These different examples are just to show what kind of complications you can encounter in flow: imagine a turbulent reacting flow in which you whant to simulate accurately all time scales!! In fact, it is the existence of a so broad range of time and space scales which make Direct Numerical Simulation particularly demanding from the computational point of view (with DNS you are forced to solve up to smaller scales, no average is allowed).

To fynally link this considerations with the real life of each of us CFD guys, imagine that you want to simulate a phenomenon with requirement of time accuracy (a transient or somethings which eveolves in time); if you choose a to large time step, the think you want to see can be completed well before the time you have set (imagine this like what a short-sighted can see without glasses). Therefore you have to "tune" your time step with the relevant time scale(s) of the problem you are solving to capture its main features (what the short-sighted can do using his glasses: now he can see also little objects).

I hope this helps

Ciao

Maurizio


A.Hassaneen October 30, 2000 05:52

Re: Time Scales
 
I think also that the shutter speed of a Camera is a good example of the time scale. If you have an object moving faster than the shutter speed, the camera will not be able to capture it. So, the sutter speed should be equal if not faster than the object itself. Am I correct Maurizio??

Chetan Kadakia October 30, 2000 06:50

Re: hints on time steps
 
Explain the problem to us. If I may make the assumption that conditions do not change throughout lab test, the solution should obtain some sort of steady state scenario, right? I am not strong at choosing the right time step. You can think of the time scale as the inverse of the frequency. Chances are that you will need to have a good idea of the time scales for a more accurate solution. If time is your concern, I first suggest you run simple cases first. Get the feel that you are taking the right approach. Start with a 2-d steady state solution. then go to 3-d solution steady state. you may also want to obtain an inviscid and/or laminar solution before trying turbulence models. you can begin with a coarser mesh for decreased computing time, and then you can refine the mesh, especially in certian areas that require high refinement. Make sure you are heading in the right direction with the quicker and simplified solutions so when it comes time to run your final solution, which is unsteady, that actually simulates the lab equipment, you won't risk waisting time by taking wrong approaches. You should also consider obtaining high power computers and/or allowing for parallel processing. Would the rest of you agree?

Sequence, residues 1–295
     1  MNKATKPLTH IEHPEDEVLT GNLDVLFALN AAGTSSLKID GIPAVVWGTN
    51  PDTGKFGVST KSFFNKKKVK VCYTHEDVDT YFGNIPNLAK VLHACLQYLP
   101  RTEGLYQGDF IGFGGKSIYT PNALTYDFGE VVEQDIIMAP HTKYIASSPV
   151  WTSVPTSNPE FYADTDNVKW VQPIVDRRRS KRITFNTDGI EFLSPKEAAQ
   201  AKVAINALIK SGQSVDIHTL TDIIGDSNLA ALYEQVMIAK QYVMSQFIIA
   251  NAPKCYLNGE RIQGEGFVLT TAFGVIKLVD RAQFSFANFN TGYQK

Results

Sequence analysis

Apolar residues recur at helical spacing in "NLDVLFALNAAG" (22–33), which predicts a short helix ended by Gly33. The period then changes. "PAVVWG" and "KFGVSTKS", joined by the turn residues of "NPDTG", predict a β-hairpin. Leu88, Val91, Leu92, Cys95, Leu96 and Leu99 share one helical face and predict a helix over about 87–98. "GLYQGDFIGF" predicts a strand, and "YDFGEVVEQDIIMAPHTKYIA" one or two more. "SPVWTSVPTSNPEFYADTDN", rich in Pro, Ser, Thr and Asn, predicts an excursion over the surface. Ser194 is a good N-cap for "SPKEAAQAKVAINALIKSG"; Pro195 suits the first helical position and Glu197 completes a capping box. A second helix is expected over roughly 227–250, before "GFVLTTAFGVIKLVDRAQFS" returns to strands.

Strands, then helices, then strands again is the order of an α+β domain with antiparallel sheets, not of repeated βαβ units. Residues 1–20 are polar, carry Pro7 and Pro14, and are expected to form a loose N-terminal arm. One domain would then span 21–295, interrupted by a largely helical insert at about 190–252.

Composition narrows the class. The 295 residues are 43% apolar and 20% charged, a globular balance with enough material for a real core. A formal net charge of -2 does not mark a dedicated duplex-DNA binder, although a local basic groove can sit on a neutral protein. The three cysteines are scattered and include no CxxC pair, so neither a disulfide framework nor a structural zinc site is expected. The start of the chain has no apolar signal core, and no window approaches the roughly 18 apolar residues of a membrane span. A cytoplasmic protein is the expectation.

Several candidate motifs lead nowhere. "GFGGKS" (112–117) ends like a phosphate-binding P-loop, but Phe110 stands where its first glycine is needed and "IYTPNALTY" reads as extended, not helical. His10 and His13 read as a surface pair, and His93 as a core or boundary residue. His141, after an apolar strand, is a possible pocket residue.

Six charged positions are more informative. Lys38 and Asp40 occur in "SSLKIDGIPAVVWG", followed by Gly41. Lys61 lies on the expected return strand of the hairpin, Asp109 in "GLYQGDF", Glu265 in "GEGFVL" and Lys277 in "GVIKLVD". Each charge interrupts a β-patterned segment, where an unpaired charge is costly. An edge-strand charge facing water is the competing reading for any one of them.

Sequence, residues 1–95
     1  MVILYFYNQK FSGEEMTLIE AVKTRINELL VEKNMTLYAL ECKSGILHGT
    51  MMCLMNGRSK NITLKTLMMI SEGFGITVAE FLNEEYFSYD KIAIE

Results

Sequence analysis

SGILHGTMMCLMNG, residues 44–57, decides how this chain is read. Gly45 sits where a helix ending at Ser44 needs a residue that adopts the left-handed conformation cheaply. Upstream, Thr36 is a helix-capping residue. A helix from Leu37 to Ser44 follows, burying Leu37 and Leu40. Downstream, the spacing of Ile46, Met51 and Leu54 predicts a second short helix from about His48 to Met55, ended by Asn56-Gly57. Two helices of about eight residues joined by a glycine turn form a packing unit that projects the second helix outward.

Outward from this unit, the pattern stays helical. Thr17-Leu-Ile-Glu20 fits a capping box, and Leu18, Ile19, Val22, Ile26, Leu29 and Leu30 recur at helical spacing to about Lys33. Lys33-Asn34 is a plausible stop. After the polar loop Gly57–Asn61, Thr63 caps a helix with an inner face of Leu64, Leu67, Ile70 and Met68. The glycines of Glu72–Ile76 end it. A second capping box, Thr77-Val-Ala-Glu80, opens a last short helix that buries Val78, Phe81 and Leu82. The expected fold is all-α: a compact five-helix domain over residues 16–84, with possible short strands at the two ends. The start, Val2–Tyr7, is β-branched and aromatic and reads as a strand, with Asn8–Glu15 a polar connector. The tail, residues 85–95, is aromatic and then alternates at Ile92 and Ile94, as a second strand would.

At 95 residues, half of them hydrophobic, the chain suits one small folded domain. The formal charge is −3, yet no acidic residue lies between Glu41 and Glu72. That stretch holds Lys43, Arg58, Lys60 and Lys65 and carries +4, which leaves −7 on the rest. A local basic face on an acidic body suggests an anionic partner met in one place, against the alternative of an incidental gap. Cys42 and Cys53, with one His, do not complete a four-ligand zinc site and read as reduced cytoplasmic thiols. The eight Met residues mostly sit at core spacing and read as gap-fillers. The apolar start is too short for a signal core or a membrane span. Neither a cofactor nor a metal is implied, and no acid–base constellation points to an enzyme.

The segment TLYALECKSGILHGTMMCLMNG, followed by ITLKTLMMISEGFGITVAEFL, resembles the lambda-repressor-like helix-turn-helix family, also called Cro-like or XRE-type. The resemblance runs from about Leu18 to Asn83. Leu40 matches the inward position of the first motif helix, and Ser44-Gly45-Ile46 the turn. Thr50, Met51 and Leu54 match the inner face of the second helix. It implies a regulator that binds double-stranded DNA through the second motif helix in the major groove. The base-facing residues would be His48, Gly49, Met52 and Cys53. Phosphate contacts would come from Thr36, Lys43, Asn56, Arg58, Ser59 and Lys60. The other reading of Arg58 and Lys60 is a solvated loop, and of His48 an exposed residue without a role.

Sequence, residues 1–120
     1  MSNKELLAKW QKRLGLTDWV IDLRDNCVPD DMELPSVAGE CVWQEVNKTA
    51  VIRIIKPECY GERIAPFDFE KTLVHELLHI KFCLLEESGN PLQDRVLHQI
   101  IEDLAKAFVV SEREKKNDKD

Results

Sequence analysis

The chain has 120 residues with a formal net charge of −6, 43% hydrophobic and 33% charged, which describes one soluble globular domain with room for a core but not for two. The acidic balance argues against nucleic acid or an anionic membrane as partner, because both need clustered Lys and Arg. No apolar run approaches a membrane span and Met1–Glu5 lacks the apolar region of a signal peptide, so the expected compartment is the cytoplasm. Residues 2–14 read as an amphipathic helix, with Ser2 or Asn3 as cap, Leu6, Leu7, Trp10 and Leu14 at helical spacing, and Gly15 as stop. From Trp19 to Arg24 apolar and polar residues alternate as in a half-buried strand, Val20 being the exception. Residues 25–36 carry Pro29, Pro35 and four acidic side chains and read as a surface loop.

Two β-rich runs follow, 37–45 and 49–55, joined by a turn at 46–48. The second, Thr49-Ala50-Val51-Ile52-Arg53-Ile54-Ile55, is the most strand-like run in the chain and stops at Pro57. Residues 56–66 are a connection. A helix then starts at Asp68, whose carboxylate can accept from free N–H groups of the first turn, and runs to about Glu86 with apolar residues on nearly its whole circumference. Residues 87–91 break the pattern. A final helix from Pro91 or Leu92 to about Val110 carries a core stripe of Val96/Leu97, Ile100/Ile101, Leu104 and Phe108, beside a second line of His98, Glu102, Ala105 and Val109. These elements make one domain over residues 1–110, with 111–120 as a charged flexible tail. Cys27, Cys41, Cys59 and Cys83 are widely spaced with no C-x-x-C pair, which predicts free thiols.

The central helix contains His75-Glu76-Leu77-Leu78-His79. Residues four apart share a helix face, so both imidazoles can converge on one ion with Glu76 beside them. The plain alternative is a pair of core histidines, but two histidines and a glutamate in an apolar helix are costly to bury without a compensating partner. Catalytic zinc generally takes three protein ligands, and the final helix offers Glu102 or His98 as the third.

A.Hassaneen October 30, 2000 07:19

Re: hints on time steps
 
Yes I agree with you, this is always the procedure to run a CFD project

Maurizio Barbato October 30, 2000 08:37

Re: Time Scales
 
HI Ahmed,

yes, a sort of it.

Ciao

Maurizio

arturo October 30, 2000 14:03

Re: hints on time steps
 
Hi, thank you very much; all the discussions have been very helpful, now I have a better idea in what can I have and what I can't.

The nature of my problem is in transient state. I am trying to simulate a packed bed in which a liquid flows that contains small particles, the packed bed is clean initially and, depending on the nature of the particles and the packing that conforms the bed the smalls particles get attached to the packings that confoms the bed.